http://newsweek.washingtonpost.com/onfaith/panelists/richard_dawkins/2010/01/haiti_and_the_hypocrisy_of_christian_theology.html?hpid=talkbox1
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From:(Anonymous)
Date:January 26th, 2010 02:47 pm (UTC)
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People like Robertson make me so furious I can't form intelligent sentences with which to properly lash out at them. Some of the comments under Dawkins's article were also so ignorant they made my head hurt.

*sigh*

I'm going to go curl up in a ball and weep for a while.
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From:j_brisby
Date:January 31st, 2010 12:10 pm (UTC)
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Greetings, Mr. Morrow, this comment isn't actually related to your post, but I'm writing it out of desperation. You see, I've been wracking my memory trying to recall a little piece of information. Or more precisely, where I first encountered a little piece of information. I hope you can help.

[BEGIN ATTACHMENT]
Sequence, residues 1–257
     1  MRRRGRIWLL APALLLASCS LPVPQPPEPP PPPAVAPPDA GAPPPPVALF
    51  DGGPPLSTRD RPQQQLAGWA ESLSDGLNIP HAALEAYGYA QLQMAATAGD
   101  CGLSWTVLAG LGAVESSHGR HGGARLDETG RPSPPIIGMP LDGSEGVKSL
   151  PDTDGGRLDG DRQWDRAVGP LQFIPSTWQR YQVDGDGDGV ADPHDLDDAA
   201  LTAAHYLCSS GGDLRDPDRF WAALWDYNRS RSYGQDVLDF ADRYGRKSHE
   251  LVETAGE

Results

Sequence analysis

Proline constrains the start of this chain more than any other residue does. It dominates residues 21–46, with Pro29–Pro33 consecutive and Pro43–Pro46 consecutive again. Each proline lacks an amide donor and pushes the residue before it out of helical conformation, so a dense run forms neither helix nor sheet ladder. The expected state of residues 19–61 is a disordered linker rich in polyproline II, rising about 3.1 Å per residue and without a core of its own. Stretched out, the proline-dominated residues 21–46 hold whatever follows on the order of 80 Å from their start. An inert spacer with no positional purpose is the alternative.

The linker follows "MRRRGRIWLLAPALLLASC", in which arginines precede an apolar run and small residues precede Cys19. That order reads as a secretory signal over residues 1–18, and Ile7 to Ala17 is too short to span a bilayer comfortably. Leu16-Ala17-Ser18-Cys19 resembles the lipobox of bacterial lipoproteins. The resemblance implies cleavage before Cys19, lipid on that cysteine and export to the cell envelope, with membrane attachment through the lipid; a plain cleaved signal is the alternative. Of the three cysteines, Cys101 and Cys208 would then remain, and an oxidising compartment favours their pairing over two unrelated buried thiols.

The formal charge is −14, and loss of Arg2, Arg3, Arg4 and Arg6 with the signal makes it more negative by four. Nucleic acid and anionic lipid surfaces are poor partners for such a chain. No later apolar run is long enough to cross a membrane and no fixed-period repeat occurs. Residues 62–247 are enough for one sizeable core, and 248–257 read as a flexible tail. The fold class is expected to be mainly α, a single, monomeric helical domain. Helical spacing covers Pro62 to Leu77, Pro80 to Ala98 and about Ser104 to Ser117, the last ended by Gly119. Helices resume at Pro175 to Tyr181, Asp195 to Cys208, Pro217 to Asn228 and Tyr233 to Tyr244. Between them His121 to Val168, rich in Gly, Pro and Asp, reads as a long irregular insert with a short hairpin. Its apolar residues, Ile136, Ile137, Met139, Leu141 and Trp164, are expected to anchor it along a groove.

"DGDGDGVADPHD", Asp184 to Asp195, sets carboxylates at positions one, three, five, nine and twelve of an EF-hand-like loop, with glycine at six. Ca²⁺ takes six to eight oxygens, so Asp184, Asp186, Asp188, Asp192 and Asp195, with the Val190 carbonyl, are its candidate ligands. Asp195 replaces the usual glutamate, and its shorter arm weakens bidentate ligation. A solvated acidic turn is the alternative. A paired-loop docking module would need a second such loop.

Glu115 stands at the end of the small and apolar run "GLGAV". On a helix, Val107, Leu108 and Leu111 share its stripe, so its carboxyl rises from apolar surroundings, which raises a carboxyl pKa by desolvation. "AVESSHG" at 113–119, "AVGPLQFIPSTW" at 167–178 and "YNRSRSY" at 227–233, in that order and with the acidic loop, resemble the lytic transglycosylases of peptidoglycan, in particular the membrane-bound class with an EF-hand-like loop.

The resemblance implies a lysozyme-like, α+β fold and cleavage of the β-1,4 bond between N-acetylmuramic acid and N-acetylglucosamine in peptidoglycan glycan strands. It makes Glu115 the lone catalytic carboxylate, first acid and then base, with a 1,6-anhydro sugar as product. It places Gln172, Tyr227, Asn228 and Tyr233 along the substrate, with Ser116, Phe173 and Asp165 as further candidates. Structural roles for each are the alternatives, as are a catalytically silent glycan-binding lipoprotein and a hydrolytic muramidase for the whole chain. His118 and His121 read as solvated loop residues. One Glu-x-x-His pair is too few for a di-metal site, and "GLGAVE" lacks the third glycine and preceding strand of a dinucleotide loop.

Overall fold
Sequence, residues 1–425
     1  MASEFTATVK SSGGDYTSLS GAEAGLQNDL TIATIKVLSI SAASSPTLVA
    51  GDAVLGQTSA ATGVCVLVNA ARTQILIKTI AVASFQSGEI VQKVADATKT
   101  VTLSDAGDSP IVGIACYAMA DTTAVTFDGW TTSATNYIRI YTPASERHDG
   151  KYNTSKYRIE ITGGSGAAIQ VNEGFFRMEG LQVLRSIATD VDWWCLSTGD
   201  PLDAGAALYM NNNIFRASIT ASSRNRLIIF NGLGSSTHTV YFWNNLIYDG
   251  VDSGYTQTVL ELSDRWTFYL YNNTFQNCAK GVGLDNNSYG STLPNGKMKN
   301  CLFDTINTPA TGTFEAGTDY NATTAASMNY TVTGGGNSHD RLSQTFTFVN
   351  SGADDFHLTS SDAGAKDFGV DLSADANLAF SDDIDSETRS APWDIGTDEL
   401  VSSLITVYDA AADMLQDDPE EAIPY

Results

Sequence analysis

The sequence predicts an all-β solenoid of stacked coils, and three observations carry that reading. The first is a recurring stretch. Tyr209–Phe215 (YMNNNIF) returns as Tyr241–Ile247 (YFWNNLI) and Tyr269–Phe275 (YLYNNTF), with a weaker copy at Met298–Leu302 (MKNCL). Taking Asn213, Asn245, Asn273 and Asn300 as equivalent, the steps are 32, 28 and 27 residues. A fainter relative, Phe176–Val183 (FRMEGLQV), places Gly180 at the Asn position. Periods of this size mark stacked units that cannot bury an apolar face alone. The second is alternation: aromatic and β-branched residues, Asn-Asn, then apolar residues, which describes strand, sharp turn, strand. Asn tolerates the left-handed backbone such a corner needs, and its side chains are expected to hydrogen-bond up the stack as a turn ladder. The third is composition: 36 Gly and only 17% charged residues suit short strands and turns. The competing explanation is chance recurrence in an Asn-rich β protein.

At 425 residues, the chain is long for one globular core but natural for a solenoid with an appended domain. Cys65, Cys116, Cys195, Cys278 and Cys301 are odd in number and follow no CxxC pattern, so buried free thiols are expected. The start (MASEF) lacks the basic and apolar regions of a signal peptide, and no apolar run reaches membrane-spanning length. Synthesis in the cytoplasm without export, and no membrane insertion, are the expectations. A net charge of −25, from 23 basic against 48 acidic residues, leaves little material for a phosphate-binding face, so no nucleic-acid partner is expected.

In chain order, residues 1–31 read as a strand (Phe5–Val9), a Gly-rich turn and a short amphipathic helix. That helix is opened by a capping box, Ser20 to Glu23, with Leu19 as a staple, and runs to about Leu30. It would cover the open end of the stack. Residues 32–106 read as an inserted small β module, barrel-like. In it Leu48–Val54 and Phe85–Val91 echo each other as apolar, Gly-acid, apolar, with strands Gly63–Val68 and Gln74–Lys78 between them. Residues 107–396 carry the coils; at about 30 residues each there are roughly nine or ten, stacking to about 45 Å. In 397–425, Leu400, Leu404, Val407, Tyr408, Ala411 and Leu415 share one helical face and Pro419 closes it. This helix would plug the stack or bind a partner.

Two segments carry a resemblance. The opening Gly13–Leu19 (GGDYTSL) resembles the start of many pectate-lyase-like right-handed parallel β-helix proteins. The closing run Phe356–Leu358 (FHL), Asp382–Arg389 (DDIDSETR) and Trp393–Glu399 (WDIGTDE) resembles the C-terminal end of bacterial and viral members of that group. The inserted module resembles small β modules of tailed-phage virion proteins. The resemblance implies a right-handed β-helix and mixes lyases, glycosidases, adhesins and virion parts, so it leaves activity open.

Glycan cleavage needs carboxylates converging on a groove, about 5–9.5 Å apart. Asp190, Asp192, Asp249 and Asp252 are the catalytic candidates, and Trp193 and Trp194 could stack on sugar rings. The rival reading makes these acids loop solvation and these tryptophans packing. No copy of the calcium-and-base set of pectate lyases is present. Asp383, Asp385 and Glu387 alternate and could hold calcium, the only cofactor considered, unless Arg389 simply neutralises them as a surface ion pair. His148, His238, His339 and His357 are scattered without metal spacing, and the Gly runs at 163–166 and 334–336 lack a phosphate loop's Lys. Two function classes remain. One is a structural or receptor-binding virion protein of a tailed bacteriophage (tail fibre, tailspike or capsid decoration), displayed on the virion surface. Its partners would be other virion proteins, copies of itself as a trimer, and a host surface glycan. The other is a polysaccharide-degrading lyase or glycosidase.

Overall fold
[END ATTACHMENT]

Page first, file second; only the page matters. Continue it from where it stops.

It concerns an alchemical symbol; a diamond with a hook descending from it. Supposedly, it's a symbol for filtration. I thought it might make an interesting element in a tattoo design I'm working on. But now I'm trying to remember where I first encountered this symbol, and its meaning, and I'm coming up blank...except for a vague impression that it might have been in one of your books.

Does this ring any kind of a bell with you?
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From:james_morrow
Date:February 3rd, 2010 03:26 pm (UTC)
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I haven't brought alchemy on stage very much in my fiction. Could you be thinking of Theodore Roszak's "The Memoirs of Elizabeth Frankenstein"? Lots of alchemy in that novel.
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From:j_brisby
Date:March 19th, 2010 01:16 am (UTC)